We alluded to a primordial Nordic tradition. It is not a myth, it is our truth. Indeed, in the most remote prehistory where the positivist superstition postulated right up until recently cave-dwelling ape-men, there existed a primordial, unified, and powerful civilization, an echo of which still resounds in everything that the past has to offer us as an eternal symbol. – The Iranians speak of the Airyanem Vaejah, located in the farthest North, and see in it the first creation of “god of light”, the origin of their lineage and also the seat of “glory” – hvareno – that mystical force characteristic of the Aryan race, and especially of their divine kings; they see in it – symbolically – the “place” where the warrior religion of Zarathustra would have been revealed for the first time. – Correspondingly, the tradition of the Indo-aryans knows the Shveta-dvipa, the “Island of Glory”, also located in the far North where Narayana, the one who “is the light” and “who stands above the waters”, that is, above the causality of events, has his residence. It speaks also of the Uttarakuru, a Nordic primordial race; what is meant by Nordic is the solar path of the gods – deva-yana – and the term uttara connotes the concept of all that is sublime, lofty, and superior - of what in the figurative sense can be called arya, Aryan – according to the concept of “Nordic”. – Again, the Achaean-Dorian stocks are heirs of the legendary Nordic Hyperboreans: the most characteristic god and hero of this race – the solar Apollo, the annihilator of the serpent Python – came from there; Hercules – the ally of the Olympian god against the giants, the annihilator of the Amazons and of elemental beings, the “fair conqueror”, of whom many Greek and Roman kings later considered themselves so to speak, as his avatars – would have carried the olive tree from here with whose branches the victors were crowned (Pindar).

Nietzsche Lauded

We all know that Nietzsche influenced Evola. For instance, in the 20s he spoke about “Absolute Man” (l’individuo assoluto) – and this figure can be seen as the superman evolved into a more mindful being. Now, overall in his major works Evola tended to be critical of the great Pulverkopf; even in Pagan Imperialism we see traces of this. However, he could also openly praise the great German. We for instance read the following, captivating the spiritual essence of Nietzsche’s opus (p. 85-86):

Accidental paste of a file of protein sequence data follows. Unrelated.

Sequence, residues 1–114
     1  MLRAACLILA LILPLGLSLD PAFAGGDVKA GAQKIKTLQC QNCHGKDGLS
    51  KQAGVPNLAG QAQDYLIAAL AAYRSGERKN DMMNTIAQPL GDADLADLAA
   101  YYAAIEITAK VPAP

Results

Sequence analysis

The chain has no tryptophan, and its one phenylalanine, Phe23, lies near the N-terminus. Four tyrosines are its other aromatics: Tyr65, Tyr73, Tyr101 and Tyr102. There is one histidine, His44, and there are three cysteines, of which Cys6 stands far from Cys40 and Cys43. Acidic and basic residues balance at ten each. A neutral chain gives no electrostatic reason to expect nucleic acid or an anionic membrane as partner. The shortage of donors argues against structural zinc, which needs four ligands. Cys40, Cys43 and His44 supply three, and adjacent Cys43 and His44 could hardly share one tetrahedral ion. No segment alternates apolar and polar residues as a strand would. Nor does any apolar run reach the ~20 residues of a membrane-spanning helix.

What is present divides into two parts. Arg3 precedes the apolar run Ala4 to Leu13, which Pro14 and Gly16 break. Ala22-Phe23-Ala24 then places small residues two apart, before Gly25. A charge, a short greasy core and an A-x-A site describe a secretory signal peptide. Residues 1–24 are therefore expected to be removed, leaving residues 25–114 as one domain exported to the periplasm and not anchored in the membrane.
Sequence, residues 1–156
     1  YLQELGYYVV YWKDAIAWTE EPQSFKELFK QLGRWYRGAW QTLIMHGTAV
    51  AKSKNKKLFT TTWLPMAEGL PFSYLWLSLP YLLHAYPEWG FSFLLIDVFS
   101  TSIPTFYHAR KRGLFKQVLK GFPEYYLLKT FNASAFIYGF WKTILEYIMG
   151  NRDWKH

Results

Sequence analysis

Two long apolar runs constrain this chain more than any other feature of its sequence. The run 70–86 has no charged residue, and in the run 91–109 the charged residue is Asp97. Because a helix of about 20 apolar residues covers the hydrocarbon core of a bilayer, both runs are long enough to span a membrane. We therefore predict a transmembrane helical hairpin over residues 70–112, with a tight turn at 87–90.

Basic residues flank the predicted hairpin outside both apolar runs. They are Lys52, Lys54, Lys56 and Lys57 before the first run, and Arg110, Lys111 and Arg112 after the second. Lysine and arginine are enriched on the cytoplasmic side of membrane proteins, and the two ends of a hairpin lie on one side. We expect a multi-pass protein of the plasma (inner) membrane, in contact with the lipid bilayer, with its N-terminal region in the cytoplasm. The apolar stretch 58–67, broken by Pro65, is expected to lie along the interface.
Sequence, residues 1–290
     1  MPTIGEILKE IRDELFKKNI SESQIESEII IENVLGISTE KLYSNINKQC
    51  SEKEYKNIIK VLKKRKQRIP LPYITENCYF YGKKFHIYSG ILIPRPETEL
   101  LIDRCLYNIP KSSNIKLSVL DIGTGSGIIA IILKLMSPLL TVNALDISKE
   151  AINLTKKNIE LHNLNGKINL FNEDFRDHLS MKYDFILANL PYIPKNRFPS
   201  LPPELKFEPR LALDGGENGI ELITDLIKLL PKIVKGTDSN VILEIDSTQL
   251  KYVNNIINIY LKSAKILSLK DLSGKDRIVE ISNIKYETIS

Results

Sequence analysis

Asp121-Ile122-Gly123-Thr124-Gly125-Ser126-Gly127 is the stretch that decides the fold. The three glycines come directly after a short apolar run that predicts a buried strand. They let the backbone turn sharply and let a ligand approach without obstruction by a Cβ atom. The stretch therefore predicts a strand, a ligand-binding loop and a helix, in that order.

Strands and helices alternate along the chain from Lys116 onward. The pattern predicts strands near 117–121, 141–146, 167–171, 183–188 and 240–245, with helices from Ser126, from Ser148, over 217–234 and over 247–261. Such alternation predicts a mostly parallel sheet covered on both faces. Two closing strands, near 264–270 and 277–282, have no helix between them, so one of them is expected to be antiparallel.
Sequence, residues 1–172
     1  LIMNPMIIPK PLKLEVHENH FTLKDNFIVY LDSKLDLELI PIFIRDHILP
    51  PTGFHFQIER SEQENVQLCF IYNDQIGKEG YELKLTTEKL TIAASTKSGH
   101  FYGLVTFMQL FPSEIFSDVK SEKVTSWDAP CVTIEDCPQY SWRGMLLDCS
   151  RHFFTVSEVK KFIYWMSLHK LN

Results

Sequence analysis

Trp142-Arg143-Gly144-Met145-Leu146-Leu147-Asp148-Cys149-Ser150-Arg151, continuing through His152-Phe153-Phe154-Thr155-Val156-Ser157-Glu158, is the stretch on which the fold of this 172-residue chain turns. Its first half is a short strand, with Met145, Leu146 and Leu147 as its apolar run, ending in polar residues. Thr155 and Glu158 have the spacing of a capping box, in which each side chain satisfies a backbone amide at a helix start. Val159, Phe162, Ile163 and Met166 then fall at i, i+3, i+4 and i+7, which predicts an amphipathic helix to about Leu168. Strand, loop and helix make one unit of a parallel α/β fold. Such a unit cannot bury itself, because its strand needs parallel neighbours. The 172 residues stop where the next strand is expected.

[T]hose who are still not capable on their own can find a precursor even in these dark times, someone misunderstood, who waits in the shadows: Friedrich Nietzsche. The Nietzschean experience is still not exhausted, since it has not even started. What is exhausted is the aesthetic-literary caricature of Nietzsche, conditioned over time, and theological-naturalistic reduction of some parts of his theories. But the value carried heroically by Nietzsche after much nameless suffering, in spite of the fact that his whole being revolted and yielded, until, without any complaint, after having given everything, it collapsed – this value which is beyond his “philosophy”, beyond his humanity, beyond himself, identical to a cosmic meaning, reflection of an economic force – the hvareno and the terrible fire of solar initiations – this value is still waiting to be understood and assumed by contemporaries. There is already in it the call for arms, the appeal for loathing, for awakening – and for the great struggle: the one in which – as we have said – the destiny of the West will be settled: either to fall into twilight or enter a new dawn. – Freeing the doctrine of Nietzsche from its naturalistic part, we see that the “overman” and the”will-to-power” are not true except as supra-biological qualities and, we should say, supernatural qualities, then this doctrine, for many, can be a path by which the great ocean can be reached – the world of the solar universality of great Nordic-Aryan traditions, from whose summit the sense of all the misery, of all the irrelevance, and of all the insignificance of this world of the shackled and maniacs imposes itself.

The Rest

Hereby some quotes without comment from this gem of a book, Pagan Imperialism.